Empathy is important to business success. Research bears this out. One recent study found that 91% of CEOs believe empathy is directly linked to a company’s financial performance, and that more than 90% of employees say they’re more likely to stay with an empathetic employer.
In this issue, we’re talking about empathy. In our Spotlight interview we asked Six Senses’ CEO Neil Jacobs what makes an exceptional guest experience. And he said, “Our role is to make a difference in people’s lives where they feel rested and rejuvenated and leave with an expanded view. In an industry with players claiming service focus, Six Senses stands out as the brand with empathy.”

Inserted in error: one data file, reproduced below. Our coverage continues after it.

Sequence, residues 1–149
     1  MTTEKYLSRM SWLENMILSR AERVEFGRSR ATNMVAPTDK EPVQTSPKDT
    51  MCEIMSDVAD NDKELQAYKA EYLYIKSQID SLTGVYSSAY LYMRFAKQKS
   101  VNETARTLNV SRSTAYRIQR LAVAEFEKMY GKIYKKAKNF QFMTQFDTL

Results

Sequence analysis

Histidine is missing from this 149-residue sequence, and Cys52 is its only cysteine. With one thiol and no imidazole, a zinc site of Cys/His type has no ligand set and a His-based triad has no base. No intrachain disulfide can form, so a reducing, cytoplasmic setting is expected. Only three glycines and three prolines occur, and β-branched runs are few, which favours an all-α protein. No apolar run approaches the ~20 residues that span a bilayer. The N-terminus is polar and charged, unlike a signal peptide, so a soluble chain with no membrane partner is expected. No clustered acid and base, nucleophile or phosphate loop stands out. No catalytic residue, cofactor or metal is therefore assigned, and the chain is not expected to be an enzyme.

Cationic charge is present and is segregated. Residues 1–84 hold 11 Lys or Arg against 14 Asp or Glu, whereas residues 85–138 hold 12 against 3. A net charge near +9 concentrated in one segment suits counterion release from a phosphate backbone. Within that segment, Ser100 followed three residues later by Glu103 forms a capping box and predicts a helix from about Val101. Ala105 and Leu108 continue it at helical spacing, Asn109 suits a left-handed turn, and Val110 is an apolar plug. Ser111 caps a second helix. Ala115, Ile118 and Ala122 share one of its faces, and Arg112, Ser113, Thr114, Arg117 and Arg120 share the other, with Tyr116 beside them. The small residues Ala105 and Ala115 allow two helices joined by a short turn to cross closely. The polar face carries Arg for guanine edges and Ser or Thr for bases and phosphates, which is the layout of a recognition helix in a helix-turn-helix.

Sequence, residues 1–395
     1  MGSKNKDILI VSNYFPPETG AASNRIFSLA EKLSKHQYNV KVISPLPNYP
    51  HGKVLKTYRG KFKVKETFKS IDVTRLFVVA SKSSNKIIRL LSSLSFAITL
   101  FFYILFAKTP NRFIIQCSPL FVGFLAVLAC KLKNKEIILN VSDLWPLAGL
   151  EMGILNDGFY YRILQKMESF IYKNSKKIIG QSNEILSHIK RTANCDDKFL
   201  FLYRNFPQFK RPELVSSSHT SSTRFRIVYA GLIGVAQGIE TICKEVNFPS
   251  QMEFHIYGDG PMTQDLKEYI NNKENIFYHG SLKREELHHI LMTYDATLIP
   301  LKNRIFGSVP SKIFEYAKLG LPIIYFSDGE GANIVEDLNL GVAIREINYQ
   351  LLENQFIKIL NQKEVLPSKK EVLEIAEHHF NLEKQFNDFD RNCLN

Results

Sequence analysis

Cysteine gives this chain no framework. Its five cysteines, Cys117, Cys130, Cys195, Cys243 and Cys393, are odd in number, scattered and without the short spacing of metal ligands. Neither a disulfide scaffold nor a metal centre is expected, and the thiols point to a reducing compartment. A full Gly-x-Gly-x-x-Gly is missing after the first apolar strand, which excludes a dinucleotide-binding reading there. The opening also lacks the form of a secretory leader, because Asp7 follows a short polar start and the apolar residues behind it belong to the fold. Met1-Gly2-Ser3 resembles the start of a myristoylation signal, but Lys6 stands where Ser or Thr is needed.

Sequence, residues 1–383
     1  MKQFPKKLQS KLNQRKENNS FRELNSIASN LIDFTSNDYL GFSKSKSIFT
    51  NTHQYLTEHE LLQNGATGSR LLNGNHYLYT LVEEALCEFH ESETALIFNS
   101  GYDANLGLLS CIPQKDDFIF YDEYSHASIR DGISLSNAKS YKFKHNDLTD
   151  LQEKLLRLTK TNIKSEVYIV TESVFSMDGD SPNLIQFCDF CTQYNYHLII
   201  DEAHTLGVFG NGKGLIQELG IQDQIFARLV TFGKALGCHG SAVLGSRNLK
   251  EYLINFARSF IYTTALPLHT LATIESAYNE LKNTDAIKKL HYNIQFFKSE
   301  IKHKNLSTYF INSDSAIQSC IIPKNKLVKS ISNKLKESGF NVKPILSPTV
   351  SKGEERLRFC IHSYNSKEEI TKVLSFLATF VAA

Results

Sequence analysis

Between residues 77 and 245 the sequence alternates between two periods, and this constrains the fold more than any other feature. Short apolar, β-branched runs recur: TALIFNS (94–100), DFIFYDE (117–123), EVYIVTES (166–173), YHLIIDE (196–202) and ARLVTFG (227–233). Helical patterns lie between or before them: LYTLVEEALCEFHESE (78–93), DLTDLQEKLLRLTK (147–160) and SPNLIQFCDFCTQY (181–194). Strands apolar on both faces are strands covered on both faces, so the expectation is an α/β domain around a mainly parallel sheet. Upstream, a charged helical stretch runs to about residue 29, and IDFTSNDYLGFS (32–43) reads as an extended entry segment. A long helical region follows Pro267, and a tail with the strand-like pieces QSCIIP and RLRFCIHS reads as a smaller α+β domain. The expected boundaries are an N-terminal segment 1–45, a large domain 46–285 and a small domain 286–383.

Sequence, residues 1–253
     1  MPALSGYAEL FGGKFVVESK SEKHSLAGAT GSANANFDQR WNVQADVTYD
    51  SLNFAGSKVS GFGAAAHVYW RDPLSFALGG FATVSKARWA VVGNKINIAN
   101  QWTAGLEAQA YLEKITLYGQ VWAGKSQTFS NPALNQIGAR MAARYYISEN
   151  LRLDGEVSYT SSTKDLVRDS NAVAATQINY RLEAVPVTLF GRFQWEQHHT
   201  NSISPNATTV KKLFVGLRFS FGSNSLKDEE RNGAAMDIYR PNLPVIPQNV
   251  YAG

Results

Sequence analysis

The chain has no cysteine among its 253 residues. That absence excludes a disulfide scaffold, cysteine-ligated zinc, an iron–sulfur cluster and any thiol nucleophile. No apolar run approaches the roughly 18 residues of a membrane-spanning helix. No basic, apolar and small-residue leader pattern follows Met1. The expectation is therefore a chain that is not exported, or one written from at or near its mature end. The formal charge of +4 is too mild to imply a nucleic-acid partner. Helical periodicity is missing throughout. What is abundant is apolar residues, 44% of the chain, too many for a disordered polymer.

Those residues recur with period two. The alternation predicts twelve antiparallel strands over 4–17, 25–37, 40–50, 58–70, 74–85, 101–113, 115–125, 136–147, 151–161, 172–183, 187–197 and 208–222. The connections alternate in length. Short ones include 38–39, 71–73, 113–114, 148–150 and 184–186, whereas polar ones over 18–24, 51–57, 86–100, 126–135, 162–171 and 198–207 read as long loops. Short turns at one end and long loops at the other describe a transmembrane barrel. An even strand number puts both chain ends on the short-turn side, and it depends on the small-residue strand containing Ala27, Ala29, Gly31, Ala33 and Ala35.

An enviable position to be in, I’d say.
This need is imperative in spa, where therapists and service providers give a great deal of themselves in supporting the wellbeing of guests. For our team members to be successful in this, this emotional intelligence needs to trickle down from the top and flow outwards.
It takes empathetic leadership to attract and retain top talent, and empathetic business sensibilities to listen to and communicate with our guests. The first point is evident when we talk about “Five spa management blunders that cost you employees,” and the second in a study finding that “People are too busy and guilty for self care.” If you’re in the business of helping others, a valuable message you can send out into the world is that it’s OK to care for yourself.
Empathy is imperative to getting the best out of our employees and giving the best to our guests. It may be the most important soft skill you can develop for your business.
Shouldn’t we all aim to be “the brand with empathy?”
Roger Sholanki, CEO